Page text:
Menu Close

Control Costs Process

Control Cost Process

The lack of uniformity between the planned costs and the expenses incurred during a project’s course is indicative of risks. Here, lies the need for cost control in project management. ‘Control costs’ is one of the vital project management processes. The success is achieved in this process determines the overall success of a project. 

What Does The ‘Control Costs’ Process Involve?

Control Costs Process refers to the supervision of project from time to time to update the costs being incurred. The project manager and his team members stay updated with newly emerging project costs if any. Accordingly, they make changes to abide by the initially planned and estimated cost baseline. 

Inputs Of Control Costs Process

Here is a brief discussion on what it takes to conduct the control costs process successfully. 

Project management plan 

This plan comprises two sections, namely, the cost management plan, and the cost baseline. 

The latter serves as a tool for comparing actual costs to planned expenditures.

A cost management plan reports only the expenditure variances that are worth considering. An increase in expenditure on a particular raw material by 20% is acceptable if the project’s budget remains unaffected altogether. This plan comprises instructions for the rest of the processes within the ‘cost management’ knowledge area. 

Besides, it specifies the rules regarding EVM deployment in a project. EVM is a performance measurement tool that also identifies the time to be taken by the project till its completion. Also, the cost control threshold is included in the plan to take necessary actions if the threshold is crossed. Formats of work reports sent to and received by stakeholders need a mention in the cost management plan. 

Performance data

It is a detailed description of the activities started, and completed, along with information on incurred and authorized expenses. 

Project funding needs

A plan of the periodic funds needed for reserves and expenditures is another crucial input of the control costs process. 

OPAs (Organizational Process Assets)

These refer to the templates, procedures, and organizational policies required for reporting and managing project costs. 

Tools And Techniques Of Control Costs Process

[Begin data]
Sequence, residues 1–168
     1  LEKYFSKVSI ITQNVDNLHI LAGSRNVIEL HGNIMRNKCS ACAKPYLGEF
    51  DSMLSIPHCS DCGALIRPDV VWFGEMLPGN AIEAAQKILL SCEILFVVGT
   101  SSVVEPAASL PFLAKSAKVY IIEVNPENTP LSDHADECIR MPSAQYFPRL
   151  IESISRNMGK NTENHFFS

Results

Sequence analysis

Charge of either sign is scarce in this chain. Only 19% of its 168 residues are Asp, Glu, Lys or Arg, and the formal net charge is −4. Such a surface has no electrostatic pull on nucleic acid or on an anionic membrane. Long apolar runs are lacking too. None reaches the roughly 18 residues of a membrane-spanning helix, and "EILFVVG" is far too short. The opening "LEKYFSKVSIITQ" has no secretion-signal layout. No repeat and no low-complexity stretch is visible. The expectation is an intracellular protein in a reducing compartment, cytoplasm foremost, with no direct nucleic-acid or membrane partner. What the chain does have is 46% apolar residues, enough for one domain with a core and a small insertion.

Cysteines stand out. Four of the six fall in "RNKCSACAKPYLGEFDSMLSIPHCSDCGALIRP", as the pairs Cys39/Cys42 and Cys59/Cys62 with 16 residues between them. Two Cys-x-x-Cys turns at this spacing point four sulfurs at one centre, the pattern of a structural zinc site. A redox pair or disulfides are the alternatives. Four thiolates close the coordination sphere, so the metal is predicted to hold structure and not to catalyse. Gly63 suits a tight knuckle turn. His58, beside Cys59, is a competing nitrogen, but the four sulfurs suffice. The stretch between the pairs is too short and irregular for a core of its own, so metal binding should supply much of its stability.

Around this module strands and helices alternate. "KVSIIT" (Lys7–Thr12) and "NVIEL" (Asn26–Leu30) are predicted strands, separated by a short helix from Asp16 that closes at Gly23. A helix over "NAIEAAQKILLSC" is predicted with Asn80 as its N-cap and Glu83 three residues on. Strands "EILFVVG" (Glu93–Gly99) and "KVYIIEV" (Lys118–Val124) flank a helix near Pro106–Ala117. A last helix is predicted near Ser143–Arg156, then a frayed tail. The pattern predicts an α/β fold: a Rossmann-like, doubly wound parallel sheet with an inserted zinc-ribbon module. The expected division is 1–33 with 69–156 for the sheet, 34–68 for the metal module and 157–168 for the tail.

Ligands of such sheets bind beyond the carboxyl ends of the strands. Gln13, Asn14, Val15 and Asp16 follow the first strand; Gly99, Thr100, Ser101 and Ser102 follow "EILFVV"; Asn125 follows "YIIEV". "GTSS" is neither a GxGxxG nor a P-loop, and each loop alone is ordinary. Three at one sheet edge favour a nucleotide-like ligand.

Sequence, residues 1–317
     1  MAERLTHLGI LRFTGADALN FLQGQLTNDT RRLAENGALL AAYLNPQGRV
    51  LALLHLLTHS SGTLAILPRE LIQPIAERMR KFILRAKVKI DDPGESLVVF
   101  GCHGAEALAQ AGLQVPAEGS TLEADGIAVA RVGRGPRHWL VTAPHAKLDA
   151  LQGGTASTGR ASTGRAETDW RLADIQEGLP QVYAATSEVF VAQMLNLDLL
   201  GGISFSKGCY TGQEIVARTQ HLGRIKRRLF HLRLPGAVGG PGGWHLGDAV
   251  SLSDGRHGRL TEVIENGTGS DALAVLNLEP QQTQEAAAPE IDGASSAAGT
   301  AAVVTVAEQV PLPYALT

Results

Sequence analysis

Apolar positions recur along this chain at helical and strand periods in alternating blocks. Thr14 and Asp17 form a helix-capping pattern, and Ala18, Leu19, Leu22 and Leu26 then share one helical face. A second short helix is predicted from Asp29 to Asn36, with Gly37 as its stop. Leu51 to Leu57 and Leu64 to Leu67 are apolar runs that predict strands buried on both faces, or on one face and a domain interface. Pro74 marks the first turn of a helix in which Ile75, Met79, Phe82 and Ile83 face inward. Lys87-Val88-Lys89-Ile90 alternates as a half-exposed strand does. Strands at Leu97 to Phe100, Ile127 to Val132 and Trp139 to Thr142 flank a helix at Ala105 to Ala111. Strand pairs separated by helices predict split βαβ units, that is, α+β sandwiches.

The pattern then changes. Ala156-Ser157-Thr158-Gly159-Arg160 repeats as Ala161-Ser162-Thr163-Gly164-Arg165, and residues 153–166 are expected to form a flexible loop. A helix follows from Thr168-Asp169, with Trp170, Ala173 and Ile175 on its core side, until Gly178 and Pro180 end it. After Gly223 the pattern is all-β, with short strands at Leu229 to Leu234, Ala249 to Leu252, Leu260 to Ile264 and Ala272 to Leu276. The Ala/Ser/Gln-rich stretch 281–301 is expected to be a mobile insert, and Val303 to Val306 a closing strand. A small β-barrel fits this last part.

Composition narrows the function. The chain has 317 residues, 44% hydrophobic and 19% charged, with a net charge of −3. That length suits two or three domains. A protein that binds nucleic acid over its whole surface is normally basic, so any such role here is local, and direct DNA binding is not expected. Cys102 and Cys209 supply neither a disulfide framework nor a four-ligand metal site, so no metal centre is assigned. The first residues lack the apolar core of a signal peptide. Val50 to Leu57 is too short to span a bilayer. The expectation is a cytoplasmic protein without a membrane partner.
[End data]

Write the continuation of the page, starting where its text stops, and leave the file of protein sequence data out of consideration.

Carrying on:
Multiple techniques and tools are used in the control costs process, which is as follows:

  • Analysis of earned value is the technique used to identify if the actual costs match the expenses of the same activities as planned in the budget. 
  • Variance analysis is the next step to detect the cause of this variance if any. 
  • Forecasting including TCPI is used to determine the project’s upcoming expenses with respect to its budget or schedule. 
  • Trend analysis is conducted to view the latest trends not covered during earned value analysis.
  • Financial analysis involves checking if sufficient project funds are remaining to cater to the project’s requirements.
  • PMIS (Project Management Information System) is no technique but a tool for assistance in forecasting and trend analysis. It is mainly used for controlling the earned value analysis’s 3 essential components. These are namely, actual cost, planned value, and earned value. 

Outputs Of Control Costs Process

The results obtained from the control costs process have been discussed here.

  • Work performance information emerges as a result of the work performance data applied in the process. This output points out the differences in the expenses incurred and the planned costs. It is utilized for requesting changes to rectify them. 
  • EAC (Estimate At Completion) is the product of forecasting and trend analysis. It presents the estimate of expenses involved in project completion. Documentation of EAC is included within reports sent to stakeholders. 
  • Change requests emerge due to the identified cost variances which, in turn, serve as inputs to the process of change control. These are requests made to bring about changes in a process so that the expenses do not exceed the planned costs.
  • The cost management plan also gets updated with stakeholders’ feedback which may result in the change request. This is a request for moderating process guidelines and cost control thresholds at the time of issuing the project cost report. 
  • Change requests are of two kinds- corrective measures and changed plans. Both cost baseline and performance measurement are control costs process outputs that are influenced by change requests. 
  • Even the components of earned value analysis change to appear as outputs of the control costs process.

Input, outputs, and techniques of this process are interconnected and function within a cycle. This cycle is prevalent until a project is fully accomplished. Measurements and techniques might be different but they all produce the same result with respect to different aspects. The control costs process is the last but most vital of the cost management section of project management. Change request plays a crucial role in appropriate decision-making as to what changes to be implemented for balancing the project’s budget and schedule. Moreover, continuous assessment of incurred expenses in relation to the planned expenditure is the only area of concentration. 

Posted in Project Management

Related Articles